The bad response and politics quickly led the COVID-19 to spiral out of control in the United States and today, the deadly respiratory disease has been linked with the death of more than 600,000 people in the country.
The good news remains that the country continues to push to being fully re-opened as more than 310 million people have been vaccinated against the deadly virus.
The pandemic which prompted a swift action by government authorities to enforce lock down and social distancing throughout the country has changed the way people work and the general way of life in the country.
Many businesses are now being conducted online while religious activities and even wedding ceremonies were being conducted online.
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As the country is preparing to return back to full normalcy, many continue to grieve those they lost to the pandemic. A good example would be an artist who planned to create a collage of images of those that lost their precious lives in her community as a result of the pandemic.
“There will be no tears – not even happy tears,” said Ali Whitman, who will celebrate her first wedding anniversary in August by donning her gown and partying with 240 vaccinated friends and family members in New Hampshire.
According to her, she nearly lost her mom to the disease. She spent her wedding day last year with 13 people in person while an aunt conducted the ceremony via Zoom.
“I would be remiss not to address how awful and how terrible the past year has been, but also the gratitude that I can be in a singular place with all the people in my life who mean so much to me,” said Whitman, 30.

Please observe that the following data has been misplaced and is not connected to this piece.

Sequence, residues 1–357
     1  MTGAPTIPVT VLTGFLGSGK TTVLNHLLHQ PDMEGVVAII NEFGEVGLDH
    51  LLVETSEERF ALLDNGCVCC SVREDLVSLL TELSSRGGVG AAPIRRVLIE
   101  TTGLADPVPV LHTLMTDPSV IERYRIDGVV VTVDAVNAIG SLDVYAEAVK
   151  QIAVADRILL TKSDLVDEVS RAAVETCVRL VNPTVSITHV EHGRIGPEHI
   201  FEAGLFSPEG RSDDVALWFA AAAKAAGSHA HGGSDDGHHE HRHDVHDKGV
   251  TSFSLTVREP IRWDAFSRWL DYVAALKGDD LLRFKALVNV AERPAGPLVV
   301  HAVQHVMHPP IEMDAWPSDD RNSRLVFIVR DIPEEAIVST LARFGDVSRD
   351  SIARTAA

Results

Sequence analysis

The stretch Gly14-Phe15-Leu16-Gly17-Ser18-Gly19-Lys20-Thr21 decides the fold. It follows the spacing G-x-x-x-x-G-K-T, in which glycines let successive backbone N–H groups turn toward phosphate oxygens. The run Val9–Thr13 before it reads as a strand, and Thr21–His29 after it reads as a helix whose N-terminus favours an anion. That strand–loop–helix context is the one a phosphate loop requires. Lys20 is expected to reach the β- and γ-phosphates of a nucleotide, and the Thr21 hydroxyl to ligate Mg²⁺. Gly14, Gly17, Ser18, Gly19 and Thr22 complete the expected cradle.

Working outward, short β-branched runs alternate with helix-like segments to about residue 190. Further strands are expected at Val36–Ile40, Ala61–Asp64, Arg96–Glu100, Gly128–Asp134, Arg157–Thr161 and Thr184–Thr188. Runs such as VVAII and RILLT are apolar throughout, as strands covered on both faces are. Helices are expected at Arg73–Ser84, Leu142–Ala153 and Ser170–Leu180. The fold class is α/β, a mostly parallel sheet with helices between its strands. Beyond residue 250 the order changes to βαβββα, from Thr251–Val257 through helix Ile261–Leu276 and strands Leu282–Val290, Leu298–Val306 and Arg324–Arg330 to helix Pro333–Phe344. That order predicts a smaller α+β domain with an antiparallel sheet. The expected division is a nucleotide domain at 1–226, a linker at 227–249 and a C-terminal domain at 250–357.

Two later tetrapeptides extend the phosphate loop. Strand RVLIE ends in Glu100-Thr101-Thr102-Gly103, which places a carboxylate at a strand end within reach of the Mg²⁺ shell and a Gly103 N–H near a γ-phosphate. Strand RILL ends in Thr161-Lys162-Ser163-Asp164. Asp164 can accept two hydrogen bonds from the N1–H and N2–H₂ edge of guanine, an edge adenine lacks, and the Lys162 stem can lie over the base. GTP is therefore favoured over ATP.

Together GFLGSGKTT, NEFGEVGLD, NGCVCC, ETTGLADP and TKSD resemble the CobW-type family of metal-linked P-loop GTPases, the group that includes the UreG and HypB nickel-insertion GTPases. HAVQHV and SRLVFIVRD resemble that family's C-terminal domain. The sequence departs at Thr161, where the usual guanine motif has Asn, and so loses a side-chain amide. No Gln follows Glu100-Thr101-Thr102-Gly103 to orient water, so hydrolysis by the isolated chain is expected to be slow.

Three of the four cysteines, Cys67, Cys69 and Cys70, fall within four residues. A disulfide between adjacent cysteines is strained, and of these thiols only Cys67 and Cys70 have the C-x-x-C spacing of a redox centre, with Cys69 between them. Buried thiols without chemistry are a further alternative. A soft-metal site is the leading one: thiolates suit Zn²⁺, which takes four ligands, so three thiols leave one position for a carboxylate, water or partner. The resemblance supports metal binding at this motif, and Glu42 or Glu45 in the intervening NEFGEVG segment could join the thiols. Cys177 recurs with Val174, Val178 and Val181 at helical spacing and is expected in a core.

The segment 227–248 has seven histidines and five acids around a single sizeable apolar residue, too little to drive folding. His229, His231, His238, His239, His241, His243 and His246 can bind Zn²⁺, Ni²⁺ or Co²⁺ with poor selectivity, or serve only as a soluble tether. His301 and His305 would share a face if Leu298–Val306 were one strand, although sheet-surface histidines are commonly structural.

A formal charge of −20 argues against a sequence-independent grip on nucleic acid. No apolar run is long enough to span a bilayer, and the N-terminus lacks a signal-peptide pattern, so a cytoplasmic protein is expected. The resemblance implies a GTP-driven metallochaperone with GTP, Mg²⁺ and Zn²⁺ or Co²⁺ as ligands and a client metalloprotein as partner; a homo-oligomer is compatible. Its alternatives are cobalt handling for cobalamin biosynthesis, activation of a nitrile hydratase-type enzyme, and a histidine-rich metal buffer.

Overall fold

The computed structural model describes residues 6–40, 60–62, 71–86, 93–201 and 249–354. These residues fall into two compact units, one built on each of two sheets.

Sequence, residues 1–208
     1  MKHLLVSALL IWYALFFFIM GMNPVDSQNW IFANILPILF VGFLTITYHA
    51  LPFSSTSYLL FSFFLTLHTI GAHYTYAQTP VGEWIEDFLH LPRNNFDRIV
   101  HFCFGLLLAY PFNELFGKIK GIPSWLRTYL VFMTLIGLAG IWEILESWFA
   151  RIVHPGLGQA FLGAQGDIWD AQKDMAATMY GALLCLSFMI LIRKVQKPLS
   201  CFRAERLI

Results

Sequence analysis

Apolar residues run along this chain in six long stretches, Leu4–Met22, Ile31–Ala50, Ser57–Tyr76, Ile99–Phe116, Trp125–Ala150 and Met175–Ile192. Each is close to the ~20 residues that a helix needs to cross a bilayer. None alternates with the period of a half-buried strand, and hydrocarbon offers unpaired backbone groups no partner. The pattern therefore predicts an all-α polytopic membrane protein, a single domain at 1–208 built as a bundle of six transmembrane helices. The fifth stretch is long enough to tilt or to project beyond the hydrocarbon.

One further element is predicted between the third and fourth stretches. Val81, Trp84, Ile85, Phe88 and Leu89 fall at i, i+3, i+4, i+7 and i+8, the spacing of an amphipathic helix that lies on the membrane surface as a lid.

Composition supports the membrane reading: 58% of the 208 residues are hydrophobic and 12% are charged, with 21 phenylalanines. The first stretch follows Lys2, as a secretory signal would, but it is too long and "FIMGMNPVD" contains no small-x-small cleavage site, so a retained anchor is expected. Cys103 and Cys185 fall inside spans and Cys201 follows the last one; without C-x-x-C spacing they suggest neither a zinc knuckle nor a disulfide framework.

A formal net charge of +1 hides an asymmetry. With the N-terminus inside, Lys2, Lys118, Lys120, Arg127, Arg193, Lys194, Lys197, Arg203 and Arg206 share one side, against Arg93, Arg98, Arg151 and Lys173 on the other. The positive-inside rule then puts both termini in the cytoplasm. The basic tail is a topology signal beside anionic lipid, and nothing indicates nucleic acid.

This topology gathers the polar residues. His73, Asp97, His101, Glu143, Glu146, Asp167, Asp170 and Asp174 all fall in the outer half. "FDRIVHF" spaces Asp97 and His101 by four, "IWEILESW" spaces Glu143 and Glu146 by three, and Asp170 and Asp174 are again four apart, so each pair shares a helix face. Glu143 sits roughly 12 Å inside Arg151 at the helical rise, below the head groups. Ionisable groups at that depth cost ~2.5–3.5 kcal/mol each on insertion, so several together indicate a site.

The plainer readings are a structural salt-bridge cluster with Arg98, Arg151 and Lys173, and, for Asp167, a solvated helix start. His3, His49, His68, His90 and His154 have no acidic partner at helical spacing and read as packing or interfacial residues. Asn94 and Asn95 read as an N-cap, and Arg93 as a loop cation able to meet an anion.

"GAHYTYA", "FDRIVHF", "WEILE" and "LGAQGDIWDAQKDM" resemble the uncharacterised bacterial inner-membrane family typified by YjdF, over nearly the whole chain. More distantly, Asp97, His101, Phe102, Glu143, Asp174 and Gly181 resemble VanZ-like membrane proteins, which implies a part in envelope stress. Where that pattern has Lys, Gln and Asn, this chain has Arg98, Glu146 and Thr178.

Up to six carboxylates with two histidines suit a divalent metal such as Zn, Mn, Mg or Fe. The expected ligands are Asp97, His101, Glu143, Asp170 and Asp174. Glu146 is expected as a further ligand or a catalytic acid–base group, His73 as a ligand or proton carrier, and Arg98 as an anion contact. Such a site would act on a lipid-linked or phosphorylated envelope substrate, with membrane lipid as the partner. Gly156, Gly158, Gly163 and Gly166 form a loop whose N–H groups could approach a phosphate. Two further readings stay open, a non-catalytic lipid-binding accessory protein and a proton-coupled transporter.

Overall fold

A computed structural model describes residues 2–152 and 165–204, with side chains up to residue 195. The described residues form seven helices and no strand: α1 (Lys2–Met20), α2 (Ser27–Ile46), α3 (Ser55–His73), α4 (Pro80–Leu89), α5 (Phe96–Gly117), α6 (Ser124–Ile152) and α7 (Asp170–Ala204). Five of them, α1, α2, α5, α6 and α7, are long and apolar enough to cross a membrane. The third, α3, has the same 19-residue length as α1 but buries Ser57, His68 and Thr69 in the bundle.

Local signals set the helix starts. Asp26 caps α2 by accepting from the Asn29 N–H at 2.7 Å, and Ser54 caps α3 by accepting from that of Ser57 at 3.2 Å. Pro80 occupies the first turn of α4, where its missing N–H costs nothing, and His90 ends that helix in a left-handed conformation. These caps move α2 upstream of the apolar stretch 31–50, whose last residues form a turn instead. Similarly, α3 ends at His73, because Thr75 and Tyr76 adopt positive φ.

As of Monday, the US CDC announced the country has passed 600,000 COVID-19 deaths with the number accounting for a 15% world’s total coronavirus fatal cases which is about 4 million according to a Reuters tally.
With more people in the US getting vaccinated either fully or partially (one dose), fatalities has dropped drastically which is a good news especially considering how horrible the disease devastated the entire country.
“We’ve all lived through this awful time, and all of us have been affected one way or another,” said Erika Stein, who has suffered from migraines, fatigue and cognitive issues since contracting COVID-19 last fall. “My world flipped upside down in the last year and a half – and that’s been hard.”
Stein, 34, was active and fit, working as a marketing executive and fitness instructor in Virginia outside Washington, D.C., before the initial illness and related syndrome known as long-COVID ravaged her life.
Like many, she has mixed feelings about how quickly cities and states have moved to lift pandemic restrictions and re-open.
The pandemic also led to a serious hyperinflation in the country as there are less production while the country continues to bail its citizens out during the lockdown with stimulus checks.
‘FOR MY FAMILY, THERE IS NO NORMAL’
Many people lost those dear to them to the coronavirus which has caused a lot of anger and resentment at the system which caused the disease to spiral so much.
“New York City is going back to quote-unquote ‘normal’ and opening up, but I can assure you that for my family there is no normal,” said Noboa, who lives in Queens, an early epicenter of the U.S. outbreak. She is vaccinated but still wears a mask when she is out, and plans to continue doing so in the near future.
She lost her grandparent to the disease and about 14 of her 17 family members were infected by the coronavirus and up till now, the effects still devastates her emotions.
Aviles, 23, lost two close friends to the virus, and her father nearly died. And yet, here she was, greeting family she had not been able to see for 15 months as the pandemic raged.
“I’m grateful, but it’s a lot,” she said. “It’s a strange feeling to be normal again.”
More people are still grateful for still being alive despite the horrible effects of the pandemic which had sent the entire world online.